How meditating didn’t get me through all of the pandemic.
There’s a bitter irony attached to writing a book about meditation when there’s a pandemic sweeping the world. The pressure of hitting a publishing deadline combined with the stress of managing a busy family life (while attempting some kind of vaguely efficient homeschooling) was immense. Like many of my friends and neighbours I rode the ‘coping’ wave and got through lockdown, grateful we still had an income and that the sun was mostly out. Funnily enough, because my time was no longer my own, my meditation practice was pretty healthy during this time. There were many online meditation classes available and I regularly clumped upstairs to make the daily 6pm mindfulness class offered for free by the London Mindfulness Project. These were a combination of mindful breathing exercises with a few forays into compassion. During these times I was reminded of how important it was to keep a practice regular. My son would nudge me when it was nearly six o’clock mainly because he knew he’d get free access to the television, but also because I would inevitably return downstairs feeling renewed, calmer and altogether more level-headed.
The other irony I find myself sighing loudly over this week is how much time I spent outdoors during lockdown. Rummaging through tins of old seeds (some packets were ten years old) I planted everything I found. Mornings were spent rushing outside to see the latests green shoots appearing in the pots that tripped up the Amazon delivery men as they walked down our driveway. Now, with restrictions reduced, I could spend all day outside in the garden — and yet I don’t. I’m back glued to my desk more so than ever before. The daily walks my daughter and I took around our local park have stopped. She’s back at school and I’m here, at my computer.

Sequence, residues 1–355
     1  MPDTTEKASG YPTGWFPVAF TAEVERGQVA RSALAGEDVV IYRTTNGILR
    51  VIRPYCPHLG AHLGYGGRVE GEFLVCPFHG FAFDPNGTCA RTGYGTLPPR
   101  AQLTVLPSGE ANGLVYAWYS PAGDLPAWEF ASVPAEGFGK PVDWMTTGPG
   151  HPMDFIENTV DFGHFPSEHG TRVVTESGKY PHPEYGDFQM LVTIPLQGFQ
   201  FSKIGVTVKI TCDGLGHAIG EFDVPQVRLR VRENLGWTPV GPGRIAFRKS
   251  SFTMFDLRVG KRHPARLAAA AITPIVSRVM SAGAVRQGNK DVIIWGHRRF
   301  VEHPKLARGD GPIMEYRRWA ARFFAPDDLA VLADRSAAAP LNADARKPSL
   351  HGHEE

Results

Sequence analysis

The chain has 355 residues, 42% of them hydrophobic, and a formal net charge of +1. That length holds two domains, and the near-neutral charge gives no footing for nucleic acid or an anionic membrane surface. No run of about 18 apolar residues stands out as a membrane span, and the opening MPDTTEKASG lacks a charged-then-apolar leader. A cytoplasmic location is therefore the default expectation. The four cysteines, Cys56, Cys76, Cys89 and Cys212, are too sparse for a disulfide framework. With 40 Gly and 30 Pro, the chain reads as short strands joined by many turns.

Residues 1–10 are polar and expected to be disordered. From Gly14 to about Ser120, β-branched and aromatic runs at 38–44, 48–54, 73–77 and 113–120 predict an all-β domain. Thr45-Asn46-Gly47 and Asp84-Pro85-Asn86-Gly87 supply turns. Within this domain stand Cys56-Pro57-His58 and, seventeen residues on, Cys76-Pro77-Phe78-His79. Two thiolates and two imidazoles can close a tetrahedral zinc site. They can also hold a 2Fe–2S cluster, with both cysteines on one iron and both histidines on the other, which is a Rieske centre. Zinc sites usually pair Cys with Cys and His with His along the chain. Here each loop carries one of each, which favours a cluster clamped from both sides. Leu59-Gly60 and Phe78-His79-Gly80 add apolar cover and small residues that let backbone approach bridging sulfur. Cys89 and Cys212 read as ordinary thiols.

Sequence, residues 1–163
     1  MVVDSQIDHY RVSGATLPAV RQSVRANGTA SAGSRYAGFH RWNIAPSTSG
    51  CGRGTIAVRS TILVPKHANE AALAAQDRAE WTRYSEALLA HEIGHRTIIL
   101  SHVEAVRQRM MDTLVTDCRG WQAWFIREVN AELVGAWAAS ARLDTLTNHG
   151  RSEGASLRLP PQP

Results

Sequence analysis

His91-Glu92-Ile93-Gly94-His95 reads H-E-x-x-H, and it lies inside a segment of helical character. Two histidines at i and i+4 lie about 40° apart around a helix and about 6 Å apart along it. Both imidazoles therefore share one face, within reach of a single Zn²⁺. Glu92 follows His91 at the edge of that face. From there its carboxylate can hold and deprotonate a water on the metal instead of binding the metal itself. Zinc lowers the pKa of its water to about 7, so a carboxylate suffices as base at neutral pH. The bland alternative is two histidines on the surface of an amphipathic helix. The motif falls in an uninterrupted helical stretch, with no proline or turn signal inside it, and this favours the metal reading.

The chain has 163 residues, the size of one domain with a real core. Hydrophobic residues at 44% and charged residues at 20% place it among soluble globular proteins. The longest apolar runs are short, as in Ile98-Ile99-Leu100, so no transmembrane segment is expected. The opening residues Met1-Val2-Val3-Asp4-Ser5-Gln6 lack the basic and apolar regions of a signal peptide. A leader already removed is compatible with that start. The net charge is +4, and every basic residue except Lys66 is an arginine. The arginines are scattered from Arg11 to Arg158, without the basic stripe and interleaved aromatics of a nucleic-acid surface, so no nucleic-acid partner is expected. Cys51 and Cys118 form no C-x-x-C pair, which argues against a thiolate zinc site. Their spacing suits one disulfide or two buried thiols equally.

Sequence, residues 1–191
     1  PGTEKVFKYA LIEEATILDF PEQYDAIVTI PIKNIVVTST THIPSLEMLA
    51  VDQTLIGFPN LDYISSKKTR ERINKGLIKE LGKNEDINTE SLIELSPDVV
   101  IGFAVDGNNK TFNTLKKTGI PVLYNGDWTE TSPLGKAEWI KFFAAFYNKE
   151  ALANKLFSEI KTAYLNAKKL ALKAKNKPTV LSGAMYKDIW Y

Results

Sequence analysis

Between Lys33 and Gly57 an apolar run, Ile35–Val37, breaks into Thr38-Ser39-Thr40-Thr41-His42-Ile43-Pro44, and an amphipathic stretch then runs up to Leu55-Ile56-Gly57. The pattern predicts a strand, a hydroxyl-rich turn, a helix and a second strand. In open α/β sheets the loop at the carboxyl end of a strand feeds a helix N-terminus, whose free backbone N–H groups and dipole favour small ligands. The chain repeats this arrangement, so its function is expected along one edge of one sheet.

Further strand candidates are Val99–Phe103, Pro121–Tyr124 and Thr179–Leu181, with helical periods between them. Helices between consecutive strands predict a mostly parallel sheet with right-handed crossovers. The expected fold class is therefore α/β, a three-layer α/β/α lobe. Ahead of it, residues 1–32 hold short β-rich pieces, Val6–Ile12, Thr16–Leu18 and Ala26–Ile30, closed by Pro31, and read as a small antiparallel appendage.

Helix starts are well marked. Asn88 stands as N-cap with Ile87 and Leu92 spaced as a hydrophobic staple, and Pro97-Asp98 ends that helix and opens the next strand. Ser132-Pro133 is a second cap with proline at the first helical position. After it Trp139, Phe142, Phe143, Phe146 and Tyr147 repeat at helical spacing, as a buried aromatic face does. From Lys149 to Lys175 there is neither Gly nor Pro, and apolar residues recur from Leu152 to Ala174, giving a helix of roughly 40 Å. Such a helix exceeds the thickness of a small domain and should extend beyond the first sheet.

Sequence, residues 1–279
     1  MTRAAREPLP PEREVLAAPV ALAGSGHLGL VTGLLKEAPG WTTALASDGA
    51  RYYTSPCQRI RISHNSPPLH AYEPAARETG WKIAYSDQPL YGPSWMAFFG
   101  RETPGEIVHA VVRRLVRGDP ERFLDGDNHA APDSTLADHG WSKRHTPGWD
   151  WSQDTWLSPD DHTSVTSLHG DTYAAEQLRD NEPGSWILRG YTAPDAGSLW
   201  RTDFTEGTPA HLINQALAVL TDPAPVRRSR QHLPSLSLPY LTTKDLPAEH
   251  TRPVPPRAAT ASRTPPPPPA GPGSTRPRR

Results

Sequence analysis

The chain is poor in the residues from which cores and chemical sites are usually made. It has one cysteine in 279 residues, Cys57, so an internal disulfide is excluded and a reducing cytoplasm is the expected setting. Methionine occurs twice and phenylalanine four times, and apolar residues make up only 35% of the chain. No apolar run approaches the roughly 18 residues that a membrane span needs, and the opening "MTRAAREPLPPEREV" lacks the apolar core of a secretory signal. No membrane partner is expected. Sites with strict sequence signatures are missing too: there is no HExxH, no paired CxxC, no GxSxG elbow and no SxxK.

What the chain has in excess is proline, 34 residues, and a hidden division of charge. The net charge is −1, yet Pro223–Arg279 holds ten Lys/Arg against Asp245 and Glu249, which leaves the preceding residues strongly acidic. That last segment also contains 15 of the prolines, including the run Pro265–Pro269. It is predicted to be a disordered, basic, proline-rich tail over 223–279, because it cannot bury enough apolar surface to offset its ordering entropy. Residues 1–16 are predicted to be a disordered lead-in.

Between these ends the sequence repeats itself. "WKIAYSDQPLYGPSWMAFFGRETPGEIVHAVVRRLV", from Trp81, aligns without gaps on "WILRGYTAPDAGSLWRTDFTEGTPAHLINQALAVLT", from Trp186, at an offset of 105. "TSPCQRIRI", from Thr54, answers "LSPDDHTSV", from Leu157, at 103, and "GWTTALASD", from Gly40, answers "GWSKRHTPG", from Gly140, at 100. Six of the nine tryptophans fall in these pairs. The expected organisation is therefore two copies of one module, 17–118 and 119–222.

I keep asking myself why have all of my good habits slipped? The worst thing is that I really do know better. Goddammit, I’ve written a book about how important it is to maintain a practice and that meditating (for me at least) is one of the most important tools I have. These days I average a meditation of around twenty minutes every other day. It’s not bad, but it’s not enough. And yet, the more I allow myself to consider this emerging lethargy, the more I see what is happening. The truth is that meditating does not make me immune to mental health issues. It doesn’t provide a stress-bouncing forcefield that keeps worried feelings, anxiety or even fear at bay. Meditating is a useful tool for managing these symptoms and has, in the past, drastically lowered my reactivity. However, my practice hasn’t stopped the pandemic making me feel uneasy and unsettled. I’ve had to remind myself that meditating isn’t about changing how I feel, but feeling how I feel (even if that is awful).
As I stand back from myself and observe the onslaught of thoughts arriving every second, I hear that insipid, familiar voice I know so well. “You should be back to normal now,” it whispers, “fighting fit and not moping around feeling down.” And the worst putdown of all. “You shouldn’t be advocating meditation if it doesn’t work!”
It’s funny how my inner voice never tells me that doctors don’t get sick, or that psychologists never get depressed. Then again, it is rarely kind — or measured. And, of course, there’s the nub — the solution to everything is staring me in the face. Kindness. Before I can pick myself back up after this strange period of time — before I can dust off the fear and worry that clings to me like dust, I must be kind to myself. I must forgive myself for feeling unsettled and accept that worry will be part of things for a while. A meditation practice is not just sitting down. It is accepting how I feel and noticing how I am treating myself. I can’t help anyone else until I help myself.
So, I’m going to cut this short and take a leaf out of my own book. I am going to walk around the park and listen to the Science of Happiness’ 24 hours of kindness practice featured in this episode. I’ve done many of their practices in the past and they’re always insightful and inspiring. So, inner critic, you’re quite right, thank you. I do know what to do.
Finding My Right Mind: One Woman’s Experiment to put Meditation to the Test by Vanessa Potter, publishing Feb 2021.
Kindness begins with the knowledge that we all struggle. Charles GlassmanTweet